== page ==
Getting Old, Deal With It by Lee Janogly
PUBLISHED: 16:53 09 January 2020
Most octogenarians have accepted the inevitable, but the Hampstead diet and exercise guru has celebrated her birthday milestone with a new book about ageing
Most octogenarians have accepted the inevitable and started to slow up.
But diet and exercise guru Lee Janogly has not taken her birthday milestone lying down.
She continues to run popular stretch and tone exercise classes in her Hampstead Garden Suburb home - which leave women a third her age wondering how she does it.
And she's determined to pass on her life-affirming wit and wisdom to fellow pensioners in her latest book Getting Old: Deal With It. (Mensch Publishing £9.99)
Out this month, the ex Henrietta Barnett pupil's advice comes with warmth, humour and a desire to inspire others to stay fitter and healthier into an extended old age.
"I wanted to dispel the notion that old people are slow, frail, dimwitted and a burden on society," explains Janogly, who turned 80 last year and has been in the wellbeing game for 50 years, founding Golders Green fitness studio All That Jazz in the 1980s.
"Most are definitely not, they are busy, out looking after grandchildren, playing bridge and doing charity work - the image of frail pensioners sitting at home knitting covers for our hot water bottles is very outdated."
Janogly is the living embodiment of her mantra that "Being old doesn't mean you have to think old."
If you think of yourself as old you will be treated that way she adds. Naturally she's an advocate of exercise and has seen how her classes have a social as well as fitness benefit.
"You go to a class, see the same people every week, get chatting, have a coffee afterwards. It's lovely. Getting fit is something for your body and your mind, I encourage people whatever their age to pluck up the courage and go along to a class. Go with a friend, have a laugh, if you hate it don't go back, but find something you enjoy."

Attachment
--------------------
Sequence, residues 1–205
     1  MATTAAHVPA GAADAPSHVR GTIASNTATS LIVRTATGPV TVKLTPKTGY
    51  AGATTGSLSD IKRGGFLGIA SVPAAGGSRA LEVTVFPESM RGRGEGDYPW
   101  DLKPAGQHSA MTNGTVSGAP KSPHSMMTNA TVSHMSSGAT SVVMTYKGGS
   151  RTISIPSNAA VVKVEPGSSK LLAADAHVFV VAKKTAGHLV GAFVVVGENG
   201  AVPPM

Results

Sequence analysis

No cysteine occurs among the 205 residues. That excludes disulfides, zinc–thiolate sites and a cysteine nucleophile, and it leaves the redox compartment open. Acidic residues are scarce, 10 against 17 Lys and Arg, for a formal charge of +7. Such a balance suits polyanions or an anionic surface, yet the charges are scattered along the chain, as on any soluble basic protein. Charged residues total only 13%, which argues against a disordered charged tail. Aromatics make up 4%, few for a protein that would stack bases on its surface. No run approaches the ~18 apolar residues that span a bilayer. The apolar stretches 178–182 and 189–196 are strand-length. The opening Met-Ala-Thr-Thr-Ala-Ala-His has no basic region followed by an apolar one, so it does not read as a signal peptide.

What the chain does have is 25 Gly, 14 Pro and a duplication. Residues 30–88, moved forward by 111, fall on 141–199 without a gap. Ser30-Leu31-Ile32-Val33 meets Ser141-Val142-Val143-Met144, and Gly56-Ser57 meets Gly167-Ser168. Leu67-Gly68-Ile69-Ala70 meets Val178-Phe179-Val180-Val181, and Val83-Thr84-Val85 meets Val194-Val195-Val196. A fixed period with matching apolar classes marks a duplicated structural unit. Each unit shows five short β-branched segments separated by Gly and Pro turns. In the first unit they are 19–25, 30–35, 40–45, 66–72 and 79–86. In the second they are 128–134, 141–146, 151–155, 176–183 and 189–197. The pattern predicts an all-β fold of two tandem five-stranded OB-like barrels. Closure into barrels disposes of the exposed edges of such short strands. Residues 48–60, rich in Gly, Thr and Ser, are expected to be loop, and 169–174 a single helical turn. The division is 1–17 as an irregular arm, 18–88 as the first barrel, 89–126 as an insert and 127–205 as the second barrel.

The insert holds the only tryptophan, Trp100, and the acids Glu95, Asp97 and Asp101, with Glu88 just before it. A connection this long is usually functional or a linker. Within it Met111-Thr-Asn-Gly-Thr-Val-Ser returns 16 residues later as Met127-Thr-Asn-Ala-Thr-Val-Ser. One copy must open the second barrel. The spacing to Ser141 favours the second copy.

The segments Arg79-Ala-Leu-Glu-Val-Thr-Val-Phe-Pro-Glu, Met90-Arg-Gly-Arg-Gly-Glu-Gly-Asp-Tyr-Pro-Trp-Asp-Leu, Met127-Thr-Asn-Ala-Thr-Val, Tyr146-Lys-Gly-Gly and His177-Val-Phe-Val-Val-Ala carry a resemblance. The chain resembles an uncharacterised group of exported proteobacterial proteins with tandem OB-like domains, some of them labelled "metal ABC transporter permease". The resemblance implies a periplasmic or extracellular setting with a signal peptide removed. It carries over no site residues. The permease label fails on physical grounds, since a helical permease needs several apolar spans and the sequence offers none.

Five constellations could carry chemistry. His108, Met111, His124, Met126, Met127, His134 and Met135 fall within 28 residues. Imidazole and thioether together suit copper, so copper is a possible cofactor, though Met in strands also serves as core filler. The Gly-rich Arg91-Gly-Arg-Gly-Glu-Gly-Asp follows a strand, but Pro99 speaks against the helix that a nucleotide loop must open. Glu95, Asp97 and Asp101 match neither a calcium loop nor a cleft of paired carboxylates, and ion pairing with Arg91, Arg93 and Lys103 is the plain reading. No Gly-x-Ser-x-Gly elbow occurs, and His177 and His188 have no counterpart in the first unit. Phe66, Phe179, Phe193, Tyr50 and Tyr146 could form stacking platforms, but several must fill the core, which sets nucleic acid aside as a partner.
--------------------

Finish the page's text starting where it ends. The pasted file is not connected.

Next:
Janogly is all too aware of dementia in her own family - her mother, grandmother and aunt had it. Teaching herself to play piano, attending fitness classes, gym sessions and swimming regularly, are all part of "doing my best to stave it off".
"I am quite keen on new experiences, it boosts your mental health. For this book I spoke to so many older women who were taking courses in writing, painting or learning a language.
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"It's important to keep busy, Loneliness is one of the biggest problems for old people, so get out and do something! Join a choir, or the University of The Third Age, write a memoir of your life for you grandchildren."
She starts the book by dispelling common myths around ageing.
"Most people over 85 have completely normal cognitive function," she chides.
"Losing your keys is normal, finding them in the fridge is not."
Her manifesto is: "Age is non negotiable but how you deal with it is up to you."
"We are all going to fall apart eventually and develop a horrible condition from which we will die. After 70 there is more chance of getting heart disease, dementia or stroke and it's no fun living for years with a debilitating ilness."
"The book is about how the body gradually deteriorates and what to do about it, finding ways for old people to live as healthy as possible for as long as possible, so that the period of ill health happens much later in life and is pretty short."
Janogly has interviewed experts to ask what makes a difference - from general health, diet and memory, to a fashion expert on what to wear, and a counsellor on how to deal with grief - as she herself experienced when her beloved Maurice died in 2014..
As the author of previous bestsellers, You Don't Take Orders from A Biscuit and Only Fat People Skip Breakfast, the grandmother of five's diet advice is sensible and brisk
"People ask what's the best way to keep slim but it's more about eating healthily. We are not going to run a marathon, it's a matter of getting to a sensible weight for you and a level of fitness that we can live with and maintaining it."
She wishes society would stop lumping in everyone between the ages of 60 and 100 as old - there are decades of extended middle age she argues where we can live rich and fulfilling lives.
"I want to encourage peoople and say 'don't worry about what's happening to you, it happens to everybody. If you can't remember a name don't be terrified that it's the start of dementia. I hope that it makes people laugh and gives them ideas on the best way to look after themselves as they get older.
"I hope it resonates with people about keeping healthy for as long as possible."
For Lee's stretch and tone classes talkyourselfslim.co.uk
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